Total War: Warhammer 2
Redcrested Skink Chief and his halberd, as well as, Redcrested Skinks and Cohort of Sotek units and their weapons that I created for the Prophet and Warlock DLC.
This is the fully finished version of my Games Practical Project for my final year at Teesside University.
As a whole, this was an exceptionally fun project to work on, that has challenged me from all angles. I would like to thank my Supervisor again for having given me this idea in the first place, but especially for having supported me throughout the whole process.
Hasegawa Fusa is the daughter of a Samurai during the Edo period, who was ordered to commit seppuku by his Daimyo for having fathered a child with a Dutch woman. Her mother assassinated shortly after, Hasegawa was then raised in secret by her grandfather, Hasegawa Hiromune, who was a well-respected Samurai himself, although suspected to have dabbled in the dark arts of spirit summoning.
Hasegawa learns all she can from her grandfather of the art of war, but especially the art of summoning and raising the dead. Deprived of a normal life, she grows up full of hatred and with an unquenchable thirst for vengeance for the death of her mother and father.
Raising a small army of undead, she obliterates the Daimyo’s men with ease, thus taking her revenge upon the Daimyo who ordered her father’s death. Having gotten a taste of power, she is consumed by it and, against the advice of her grandfather, she raises greater and greater number of undead. In her embittered state, she loses sight of her humanity, being completely consumed by rage and hatred for the social systems that killed her parents and ruined her life.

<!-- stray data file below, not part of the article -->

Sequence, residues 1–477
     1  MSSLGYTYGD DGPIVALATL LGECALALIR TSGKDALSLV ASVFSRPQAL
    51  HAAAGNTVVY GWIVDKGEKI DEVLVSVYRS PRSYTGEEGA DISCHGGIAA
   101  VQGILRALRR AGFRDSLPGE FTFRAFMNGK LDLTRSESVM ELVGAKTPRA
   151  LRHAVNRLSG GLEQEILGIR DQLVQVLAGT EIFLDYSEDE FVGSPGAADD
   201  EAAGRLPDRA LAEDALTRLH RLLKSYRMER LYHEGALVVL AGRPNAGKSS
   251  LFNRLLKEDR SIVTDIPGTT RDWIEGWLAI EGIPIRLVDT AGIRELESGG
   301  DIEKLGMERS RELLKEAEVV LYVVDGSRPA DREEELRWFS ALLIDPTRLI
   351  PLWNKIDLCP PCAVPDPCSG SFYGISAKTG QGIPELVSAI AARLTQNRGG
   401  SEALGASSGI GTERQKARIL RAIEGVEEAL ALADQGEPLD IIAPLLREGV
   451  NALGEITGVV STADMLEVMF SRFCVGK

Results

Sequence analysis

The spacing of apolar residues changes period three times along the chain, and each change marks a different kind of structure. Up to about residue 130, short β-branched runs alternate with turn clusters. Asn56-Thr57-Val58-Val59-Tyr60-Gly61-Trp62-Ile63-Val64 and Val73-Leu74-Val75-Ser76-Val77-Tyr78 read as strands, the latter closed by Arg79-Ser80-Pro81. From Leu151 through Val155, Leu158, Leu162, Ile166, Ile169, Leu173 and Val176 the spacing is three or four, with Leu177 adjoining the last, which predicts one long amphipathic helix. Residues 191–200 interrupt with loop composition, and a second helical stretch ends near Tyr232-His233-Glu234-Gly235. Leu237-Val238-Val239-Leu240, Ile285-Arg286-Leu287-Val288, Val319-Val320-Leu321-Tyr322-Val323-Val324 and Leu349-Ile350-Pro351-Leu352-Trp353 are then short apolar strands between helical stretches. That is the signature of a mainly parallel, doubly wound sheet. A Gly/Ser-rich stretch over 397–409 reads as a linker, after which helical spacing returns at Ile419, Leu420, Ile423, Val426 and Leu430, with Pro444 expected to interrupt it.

Heading for Edo with the full intent of murdering the Shogun and becoming one herself, she lays waste to the country with her army of undead. However, the magic slowly starts to consume her, but despite the warning signs, she continues on her mad quest for revenge and change.
During the course of the 1st semester in my final year at Teesside University, we had a module called Beta Arcade. This module focused on team work, recreating as faithfully as possible, a work environment similar to that of the games industry. During this module, students across multiple courses needed to form into “game teams” of 10 to 20 people and over the period of 12 weeks, create a fully playable game demo. We had Games Programmers, Designers, Animators and Artists all coming together during this module.
The team I was a member of, called the Beta Bunch, consisted of 4 Artists, 3 Programmers, 2 Designers and 1 Animator. I can truly say that I was extremely fortunate in having met some of the most fantastic people I could ever hope to work together with. The chemistry in our team was superb.
My role in the team was to be the Character Artist. We decided to create a Pegi-7 rated, third-person role-playing puzzle game, which, eventually was titled Tia’s Voyage.
The trailer for our game can be viewed here:
Trailer created by Robin Coils.
In the planning phase, we decided to go with a Polynesian look to our game, but then added a touch of Mayan/Aztec influences to everything. Not yet certain whether we wanted a male or a female protagonist, I created some quick concept sketches for both genders: